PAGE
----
HIV is on the rise in regional and remote areas as diagnoses rates among Indigenous Australians run at double that of the non-Indigenous community, an HIV and AIDS conference was told.
Associate Professor James Ward, a Pitjantjatjara and Nurrunga man who heads Aboriginal Health Infectious Diseases at the South Australian Health and Medical Research Institute, said Australia needs to act to stop the increase in Indigenous diagnoses.
The findings were presented at the Australasian HIV & AIDS Conference in Sydney last week.
Associate Professor Ward said in the last five years there had been a 41 percent rise in the rate of HIV diagnoses among Aboriginal and Torres Strait Islander people compared to a 12 percent decline in the number of diagnoses among Australian born non-Indigenous people.
He said there had also been a rise in cases in regional areas where there were the least sexual health and specialist services to deal with it.
“There is a clear trend for HIV to be more diagnosed in regional and remote areas than we’ve ever seen before,” Associate Professor Ward said.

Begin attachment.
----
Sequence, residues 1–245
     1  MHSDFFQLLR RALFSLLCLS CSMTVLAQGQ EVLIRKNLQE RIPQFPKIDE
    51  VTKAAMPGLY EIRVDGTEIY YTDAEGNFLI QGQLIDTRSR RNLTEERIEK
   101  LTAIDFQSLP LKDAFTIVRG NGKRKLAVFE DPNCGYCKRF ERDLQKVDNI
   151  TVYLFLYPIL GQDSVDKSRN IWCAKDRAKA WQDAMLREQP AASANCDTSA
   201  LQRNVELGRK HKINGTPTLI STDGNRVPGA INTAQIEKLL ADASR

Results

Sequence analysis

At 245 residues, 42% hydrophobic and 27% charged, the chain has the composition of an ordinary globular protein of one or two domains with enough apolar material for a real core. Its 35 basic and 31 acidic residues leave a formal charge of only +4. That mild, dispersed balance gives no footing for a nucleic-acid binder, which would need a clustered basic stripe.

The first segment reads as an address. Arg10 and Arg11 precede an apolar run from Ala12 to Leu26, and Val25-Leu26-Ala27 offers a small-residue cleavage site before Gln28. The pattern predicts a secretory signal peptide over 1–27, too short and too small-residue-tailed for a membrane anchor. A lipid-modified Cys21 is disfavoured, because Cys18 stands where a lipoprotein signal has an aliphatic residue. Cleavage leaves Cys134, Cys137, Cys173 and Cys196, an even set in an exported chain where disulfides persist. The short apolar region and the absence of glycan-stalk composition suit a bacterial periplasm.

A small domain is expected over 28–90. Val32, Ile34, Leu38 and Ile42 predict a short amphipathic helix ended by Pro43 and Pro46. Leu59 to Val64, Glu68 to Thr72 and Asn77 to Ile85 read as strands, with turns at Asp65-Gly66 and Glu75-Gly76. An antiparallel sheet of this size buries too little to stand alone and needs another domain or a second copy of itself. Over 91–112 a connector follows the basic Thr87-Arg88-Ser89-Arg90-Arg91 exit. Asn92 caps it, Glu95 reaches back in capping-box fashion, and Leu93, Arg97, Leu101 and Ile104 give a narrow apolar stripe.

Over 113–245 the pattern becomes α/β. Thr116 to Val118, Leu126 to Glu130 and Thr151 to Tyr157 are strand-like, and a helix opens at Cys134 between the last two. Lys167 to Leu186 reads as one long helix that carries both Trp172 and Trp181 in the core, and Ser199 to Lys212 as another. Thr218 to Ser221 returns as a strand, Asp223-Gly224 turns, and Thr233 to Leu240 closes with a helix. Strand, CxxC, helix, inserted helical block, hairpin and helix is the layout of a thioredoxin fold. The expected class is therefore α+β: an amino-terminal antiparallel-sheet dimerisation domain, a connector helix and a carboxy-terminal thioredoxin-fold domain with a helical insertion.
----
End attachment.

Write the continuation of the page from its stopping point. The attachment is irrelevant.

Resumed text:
Associate Professor Ward also said while 70 percent of diagnoses in non-Indigenous Australia were men who had sex with other men, in the Indigenous population more than half of all diagnoses were heterosexual people infected through sex or drugs.
About a third of diagnoses in Indigenous people were also picked up late or when the HIV was in an advanced state and they had been living with it for more than four years, he said.
Associate Professor Ward said the spread of the virus could be battled on several fronts — the use of rapid tests could be increased to try to reduce the proportion of late diagnoses and testing could be scaled up at correctional and antenatal centres.
“One important point we need to mobilise around is the potential for outbreaks in areas where there is least HIV expertise, particularly in regional and remote areas,” he said.
“It has been a common thread over the last five to 10 years that there have been small outbreaks in regional and remote areas and it puts enormous strain on health services in those settings and an enormous buy-in of expertise is often required.”
He said community awareness campaigns and prevention education in schools and universities could also help.
Professor Rebecca Guy, head of the Surveillance Evaluation and Research Program at the Kirby Institute at the University of New South Wales, said overall there had been a seven percent fall in HIV diagnoses among all people in Australiain the last five years.
Last year, 963 new cases were diagnosed compared to more than a 1000 in previous years. The 2017 figure was the lowest since 2010.
The drop was mainly among gay and bisexual men where diagnoses fell fifteen percent last year. Gay and bisexual men account for almost two thirds of all HIV infections in Australia.
But among the heterosexual population HIV diagnoses increased by 10 percent in five years.